This year’s festival is being held in Roscommon on Saturday, June 4.

As part of the event, ham radio operators will be hosting a Special Event Radio Station on the grounds of the festival.

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An example of a Special Event Station. Credit: Dan

According to Huron Pines in Gaylord, a station call sign has been assigned to the event through the American Radio Relay League, amateur radio’s national organization.

The ham radio operators in Roscommon plan to make two-way contacts in the United States and worldwide to raise awareness of the festival and recovery efforts related to the Kirtland’s Warbler.

According to the Michigan Department of Natural Resources, the endangered Kirtland’s Warbler nests in just a few counties in Michigan’s northern lower and upper peninsulas, along with Wisconsin and Ontario.

3 – Baby salmon are swimming in Midland, thanks to the efforts of a local elementary school.

12435393153_d57b677376_z

Credit: USFWS

Fourth graders from Saint Brigid School released hand-raised chinook salmon at the end of April from the Tridge in Midland, according to Little Forks Conservancy.

The release was the culmination of a Department of Natural Resources Salmon in the Classroom Program.

A local chapter of Trout Unlimited sponsored the equipment and other resources for the effort.

Salmon in the Classroom is a year-long natural resources education program in which teachers and students receive fertilized salmon eggs from a state fish hatchery in the fall, hatch them out, feed and raise the fry through spring, and then release the young salmon into a local river.

Participation in the program has grown annually for more than 10 years, and now boasts more than 200 schools that will raise salmon next year.

You can find out more at Michigan.gov/SIC.

 

Great Lakes Bay Trail, Duck Stamp Contest, Phragmites Workshops

For Friday, March 4, 2016

[audio https://dl.dropbox.com/s/u90px1kbuvtarqo/3-4-2016-mrgreatlakes-environment-report.mp3]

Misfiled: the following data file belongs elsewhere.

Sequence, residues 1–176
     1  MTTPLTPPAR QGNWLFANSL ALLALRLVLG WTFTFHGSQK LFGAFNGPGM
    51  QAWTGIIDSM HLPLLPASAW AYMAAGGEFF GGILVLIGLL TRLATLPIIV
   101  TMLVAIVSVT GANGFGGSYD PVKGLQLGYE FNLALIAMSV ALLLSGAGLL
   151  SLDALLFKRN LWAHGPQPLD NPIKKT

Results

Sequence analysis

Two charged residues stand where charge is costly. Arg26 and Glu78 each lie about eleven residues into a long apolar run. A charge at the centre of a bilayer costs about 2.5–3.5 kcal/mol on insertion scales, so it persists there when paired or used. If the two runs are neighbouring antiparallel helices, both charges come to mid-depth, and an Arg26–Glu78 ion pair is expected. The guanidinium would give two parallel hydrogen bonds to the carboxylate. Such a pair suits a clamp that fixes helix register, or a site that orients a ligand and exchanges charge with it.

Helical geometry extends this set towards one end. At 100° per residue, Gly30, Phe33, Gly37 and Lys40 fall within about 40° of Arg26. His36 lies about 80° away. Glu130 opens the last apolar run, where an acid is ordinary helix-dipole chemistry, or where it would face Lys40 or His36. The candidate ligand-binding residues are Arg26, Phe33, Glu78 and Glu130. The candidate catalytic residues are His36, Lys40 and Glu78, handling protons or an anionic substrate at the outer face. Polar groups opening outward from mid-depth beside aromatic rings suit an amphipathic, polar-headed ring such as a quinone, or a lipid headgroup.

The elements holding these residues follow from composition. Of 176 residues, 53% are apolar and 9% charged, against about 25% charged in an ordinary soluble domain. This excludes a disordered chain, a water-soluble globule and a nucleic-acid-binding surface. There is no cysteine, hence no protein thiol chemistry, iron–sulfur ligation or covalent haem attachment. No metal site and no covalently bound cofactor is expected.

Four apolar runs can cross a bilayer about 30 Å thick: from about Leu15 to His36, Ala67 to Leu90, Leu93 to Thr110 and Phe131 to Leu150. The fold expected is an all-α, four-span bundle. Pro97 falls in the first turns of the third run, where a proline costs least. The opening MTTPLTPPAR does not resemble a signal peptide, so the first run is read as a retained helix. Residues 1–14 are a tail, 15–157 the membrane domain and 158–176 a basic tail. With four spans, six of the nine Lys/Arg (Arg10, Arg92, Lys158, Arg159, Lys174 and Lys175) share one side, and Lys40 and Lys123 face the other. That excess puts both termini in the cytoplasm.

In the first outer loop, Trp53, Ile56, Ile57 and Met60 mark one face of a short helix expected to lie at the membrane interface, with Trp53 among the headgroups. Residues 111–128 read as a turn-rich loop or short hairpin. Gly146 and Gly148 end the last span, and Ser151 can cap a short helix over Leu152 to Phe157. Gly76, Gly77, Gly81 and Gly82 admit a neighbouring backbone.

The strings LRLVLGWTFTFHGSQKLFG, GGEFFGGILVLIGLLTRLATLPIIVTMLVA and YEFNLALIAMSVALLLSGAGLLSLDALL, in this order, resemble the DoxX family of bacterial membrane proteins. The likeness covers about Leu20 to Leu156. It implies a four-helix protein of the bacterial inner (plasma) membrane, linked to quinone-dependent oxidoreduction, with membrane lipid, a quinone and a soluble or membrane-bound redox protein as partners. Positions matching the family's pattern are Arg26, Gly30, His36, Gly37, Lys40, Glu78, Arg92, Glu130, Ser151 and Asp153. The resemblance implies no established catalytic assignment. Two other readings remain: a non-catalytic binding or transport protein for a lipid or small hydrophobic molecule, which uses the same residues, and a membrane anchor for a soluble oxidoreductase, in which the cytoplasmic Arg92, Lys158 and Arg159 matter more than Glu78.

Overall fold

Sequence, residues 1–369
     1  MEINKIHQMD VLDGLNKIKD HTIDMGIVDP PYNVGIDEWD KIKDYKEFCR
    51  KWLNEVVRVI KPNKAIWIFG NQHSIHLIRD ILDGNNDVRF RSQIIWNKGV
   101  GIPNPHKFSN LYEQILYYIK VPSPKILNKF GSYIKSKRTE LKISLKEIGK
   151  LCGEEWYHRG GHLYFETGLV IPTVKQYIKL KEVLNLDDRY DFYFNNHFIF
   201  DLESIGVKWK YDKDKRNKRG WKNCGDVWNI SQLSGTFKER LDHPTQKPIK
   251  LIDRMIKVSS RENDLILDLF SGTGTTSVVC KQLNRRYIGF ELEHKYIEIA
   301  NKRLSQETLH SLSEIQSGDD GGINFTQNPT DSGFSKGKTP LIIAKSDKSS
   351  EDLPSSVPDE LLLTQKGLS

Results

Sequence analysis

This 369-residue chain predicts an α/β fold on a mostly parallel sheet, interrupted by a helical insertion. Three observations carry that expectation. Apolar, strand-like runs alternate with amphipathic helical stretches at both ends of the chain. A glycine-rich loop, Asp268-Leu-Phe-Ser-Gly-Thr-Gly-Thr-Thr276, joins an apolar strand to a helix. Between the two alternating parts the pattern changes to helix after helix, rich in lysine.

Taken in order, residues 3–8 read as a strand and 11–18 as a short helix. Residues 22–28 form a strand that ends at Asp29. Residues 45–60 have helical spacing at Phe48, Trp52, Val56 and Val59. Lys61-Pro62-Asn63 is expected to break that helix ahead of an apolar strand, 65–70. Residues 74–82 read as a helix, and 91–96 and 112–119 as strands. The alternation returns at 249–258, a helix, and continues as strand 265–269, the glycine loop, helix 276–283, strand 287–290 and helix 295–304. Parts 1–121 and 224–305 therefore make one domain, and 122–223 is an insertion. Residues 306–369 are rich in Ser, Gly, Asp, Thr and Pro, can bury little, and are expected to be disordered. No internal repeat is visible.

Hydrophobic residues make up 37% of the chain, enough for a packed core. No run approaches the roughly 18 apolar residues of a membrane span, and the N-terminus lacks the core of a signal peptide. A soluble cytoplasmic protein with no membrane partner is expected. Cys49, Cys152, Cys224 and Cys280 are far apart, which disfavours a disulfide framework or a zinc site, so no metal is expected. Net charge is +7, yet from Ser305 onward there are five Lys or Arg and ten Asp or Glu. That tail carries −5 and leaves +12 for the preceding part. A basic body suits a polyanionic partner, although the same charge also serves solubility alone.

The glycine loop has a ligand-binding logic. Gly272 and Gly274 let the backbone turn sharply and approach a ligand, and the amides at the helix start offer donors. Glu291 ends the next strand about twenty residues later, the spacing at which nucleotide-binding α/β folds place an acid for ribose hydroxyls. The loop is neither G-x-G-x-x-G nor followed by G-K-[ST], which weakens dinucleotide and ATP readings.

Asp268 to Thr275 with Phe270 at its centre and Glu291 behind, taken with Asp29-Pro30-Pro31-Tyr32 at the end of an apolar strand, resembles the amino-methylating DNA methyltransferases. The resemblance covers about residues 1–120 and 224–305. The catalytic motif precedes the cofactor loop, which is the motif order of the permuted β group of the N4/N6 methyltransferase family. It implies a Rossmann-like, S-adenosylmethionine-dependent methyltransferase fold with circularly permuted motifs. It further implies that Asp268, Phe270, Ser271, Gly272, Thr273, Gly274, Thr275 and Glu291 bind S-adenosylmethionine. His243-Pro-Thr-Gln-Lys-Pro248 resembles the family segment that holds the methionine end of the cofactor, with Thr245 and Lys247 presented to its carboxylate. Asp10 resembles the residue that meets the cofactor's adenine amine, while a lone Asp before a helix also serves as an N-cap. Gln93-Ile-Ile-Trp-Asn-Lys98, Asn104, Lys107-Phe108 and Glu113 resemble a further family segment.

1 – A Great Lakes Bay Regional Trail project is moving right along.

The Herbert H. and Grace A. Dow Foundation has awarded $200,000 toward building the Great Lakes Bay Regional Trail.

The Rollin M. Gerstacker Foundation also has contributed $100,000 and the Charles J. Strosacker Foundation has kicked in $50,000.

The region-wide, non-motorized trail system would link existing trails in Bay, Saginaw and Midland counties.

great-lakes-bay-regional-trail.jpg

Screenshot of promotional video. Via YouTube

Once completed, it would be a 100-mile system, giving walkers, runners, bike riders and skaters access to destinations throughout the region, including natural areas, parks, and recreational facilities.

The first 6.2-mile section, connecting Bay to Saginaw, is on schedule to be completed this year, organizers say.

More than $3.8 million has been raised to date from state and regional sources to support the connection of the trails.

More information on the project is online at greatlakesbaytrails.com.

 

2 – Students can enter a contest to have their artwork appear on a stamp.

The U.S. Fish and Wildlife Service is accepting entries for the 2016 Michigan Junior Duck Stamp Contest, administered by the Shiawassee National Wildlife Refuge.

Entries must be postmarked by March 15.

The contest is part of an educational program that teaches wetland habitat and waterfowl biology to students in kindergarten through high school.

Students may submit artwork featuring species including ducks, swans, and geese.

duck-stamp-michigan

2015 Michigan Best of Show Winner. Via USFWS

Judging will be open to the general public at the Green Point Environmental Learning Center in Saginaw.

During the contest, students will be judged in four groups according to grade level.

Contest judges will select a “Best of Show” from 12 first place winners, which will be entered into the National Junior Duck Stamp Contest held in April in Florida.